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For the guys that believe the simulator has been a benefit to you, I would like to know what controls you are using. I have done a few searches on the internet and only really found a couple that seem to resemble the real controls, at a cost of over $2000. I'm planning on starting my training in the fall and would like to get a headstart with the radio use, etc before I begin. Also, where did you buy you Flight sim program? Is that a program that would be sold at the local Best Buy or Future Shop?

 

Thanks

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For the guys that believe the simulator has been a benefit to you, I would like to know what controls you are using. I have done a few searches on the internet and only really found a couple that seem to resemble the real controls, at a cost of over $2000. I'm planning on starting my training in the fall and would like to get a headstart with the radio use, etc before I begin. Also, where did you buy you Flight sim program? Is that a program that would be sold at the local Best Buy or Future Shop?

 

Thanks

 

I use FSX but it is pretty demanding to run so lots of people are still using FS2004 (but now you can generally buy a setup that can run it pretty well for under $1000 US). If you buy FSX you will probably want a duo core processor and a good video card. From what I have heard the Intel Core 2 Duo E6800 (processor) and the Nvidia GeForce 8000 GT(?) (video card) are pretty good for running FSX. You will also need at least 1.5 GB of RAM. You can look around on FSX forums (I use the FSX forum on Avsim.com) to find out what works and what doesn't.

 

I use a Saitek Cyborg Evo joystick ($60-70 US) and have been very impressed with how sturdy it is and how long it lasts (you twist the joystick to use the rudder). I will soon be upgrading to the Saitek X52 ($105-120? US) (the throttle is seperate form the joystick to make it more realistic) and the Saitek Rudder Pedals ($100? US).

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Yes, you can pick up your copy of flight sim at your local Best Buy, Future Shop, Wal-Mart. They all should have it. As EC-130 stated, if you're buying the new version (FS X) then you're going to need a GOOD computer. That is if you want your graphic settings mid-range to max. I'm getting 30 frames per second and all my settings are pretty much at the lowest point. If you don't have the best PC, I suggest getting FS2004 and download some scenery for it. You can get some spectacular scenery (mesh) products that will look just as good as FSX if not better.

 

As for controls, I myself use the X-52 joystick and the Saitek pedals. Both are awesome. If your looking at something a little more realistic you can either spend $2000 on buying controls or simply make your own. There are articles on Hovercontrolthat will show you what some people have done. For instance, buying the X52 and then extending the shaft so it's longer (more realistic). Best part about that is it's cheap. Just remember if you do do that, your voiding your warranty so make sure you know what your doing before attempting!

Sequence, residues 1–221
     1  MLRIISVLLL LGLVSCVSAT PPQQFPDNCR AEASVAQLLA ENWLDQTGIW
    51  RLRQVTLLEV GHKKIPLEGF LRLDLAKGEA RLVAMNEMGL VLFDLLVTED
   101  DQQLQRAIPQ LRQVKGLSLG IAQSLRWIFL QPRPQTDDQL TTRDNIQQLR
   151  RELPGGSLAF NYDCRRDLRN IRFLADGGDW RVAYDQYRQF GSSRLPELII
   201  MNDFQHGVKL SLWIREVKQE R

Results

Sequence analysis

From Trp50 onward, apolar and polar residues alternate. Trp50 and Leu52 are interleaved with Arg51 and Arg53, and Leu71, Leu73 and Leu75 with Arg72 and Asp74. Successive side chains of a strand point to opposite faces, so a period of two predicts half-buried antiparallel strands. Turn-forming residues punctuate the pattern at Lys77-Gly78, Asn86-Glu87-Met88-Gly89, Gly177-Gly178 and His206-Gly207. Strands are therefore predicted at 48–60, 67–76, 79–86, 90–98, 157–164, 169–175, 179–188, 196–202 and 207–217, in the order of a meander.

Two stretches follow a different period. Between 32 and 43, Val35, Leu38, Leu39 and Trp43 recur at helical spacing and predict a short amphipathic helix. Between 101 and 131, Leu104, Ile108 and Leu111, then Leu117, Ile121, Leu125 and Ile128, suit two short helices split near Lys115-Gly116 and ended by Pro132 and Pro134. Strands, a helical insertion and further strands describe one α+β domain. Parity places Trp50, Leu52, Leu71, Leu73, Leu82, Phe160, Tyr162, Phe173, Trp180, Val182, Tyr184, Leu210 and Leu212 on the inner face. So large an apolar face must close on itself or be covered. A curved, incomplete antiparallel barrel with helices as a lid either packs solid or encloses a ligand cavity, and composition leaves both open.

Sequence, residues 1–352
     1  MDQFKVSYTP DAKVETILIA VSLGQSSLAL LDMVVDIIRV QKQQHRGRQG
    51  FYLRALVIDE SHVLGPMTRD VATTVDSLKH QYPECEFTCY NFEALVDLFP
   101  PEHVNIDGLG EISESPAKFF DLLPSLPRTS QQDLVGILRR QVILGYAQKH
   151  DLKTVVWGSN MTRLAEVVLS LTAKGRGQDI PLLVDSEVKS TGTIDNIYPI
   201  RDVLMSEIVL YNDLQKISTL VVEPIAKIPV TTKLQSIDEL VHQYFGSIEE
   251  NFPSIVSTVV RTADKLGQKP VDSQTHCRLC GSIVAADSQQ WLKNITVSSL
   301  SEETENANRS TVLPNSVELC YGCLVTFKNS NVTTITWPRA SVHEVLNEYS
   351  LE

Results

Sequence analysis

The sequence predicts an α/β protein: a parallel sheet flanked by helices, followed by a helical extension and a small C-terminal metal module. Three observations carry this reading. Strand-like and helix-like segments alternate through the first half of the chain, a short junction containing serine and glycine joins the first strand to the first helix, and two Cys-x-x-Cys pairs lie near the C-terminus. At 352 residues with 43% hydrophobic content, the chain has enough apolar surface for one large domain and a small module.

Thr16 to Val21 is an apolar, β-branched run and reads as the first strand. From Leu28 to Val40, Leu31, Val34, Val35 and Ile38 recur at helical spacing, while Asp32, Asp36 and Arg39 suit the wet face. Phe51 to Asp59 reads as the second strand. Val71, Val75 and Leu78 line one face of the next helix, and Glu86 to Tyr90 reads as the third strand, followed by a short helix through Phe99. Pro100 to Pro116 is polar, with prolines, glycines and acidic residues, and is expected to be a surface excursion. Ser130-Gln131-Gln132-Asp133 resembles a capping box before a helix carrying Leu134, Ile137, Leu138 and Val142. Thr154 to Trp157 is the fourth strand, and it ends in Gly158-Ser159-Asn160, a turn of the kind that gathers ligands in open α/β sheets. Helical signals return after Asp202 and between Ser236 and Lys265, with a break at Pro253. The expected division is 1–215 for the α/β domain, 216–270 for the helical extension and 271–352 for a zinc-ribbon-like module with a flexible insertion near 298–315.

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My personal experience with Flight Simulator is positive. I couldn't actually run the game on my computer since this game is so hardware intensive. I just started my commercial heli training about 3 weeks ago and was struggling a bit at the start with hovering and just getting used to everything straight away (it's a **** of a lot to take in at first with no experience). A student in my class had a much better computer that could run the Flight Sim and asked if I wanted to try it out, so we went over to his place and played around on it for a few hours to get more comfortable with the co-ordination required.

 

I went in the next day to fly (was at about 5hrs at this point) and had very noticably improved. I'm at 21hrs flight time now, I can't really see a Flight Sim being much more practical use to me at this point (as far as I know, I could be very wrong though) but it is an excellent tool to improve your co-ordination for starting out!

 

Hope that helps or at least gives another perspective on things.

 

Dichowj

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I've got some saving up to do before I start. I've given myself 3 years to get as much funds as possible and then I'm getting a loan. I'll be doing it in Ontario, not sure exactly where as of yet.

 

Sounds like a solid plan, 3 years will give you plenty of time to investigate lots of schools etc. Try not to put too much emphasis on Sim training with all the time you have, focus more on reading and studying so your knowledge is top notch when you finally start up. Flying the helicopter isn't what will seperate you, your personality (ie - don't be a ****!) and your knowledge/willingness to learn will :lol:

 

A good book to pick up right now and start reading is "From the Ground Up". It's got planes on it etc, but it's basically just good knowledge on general aviation for a lot of what you'll need to know. Just try and set aside a little bit of time a week and start "training"!

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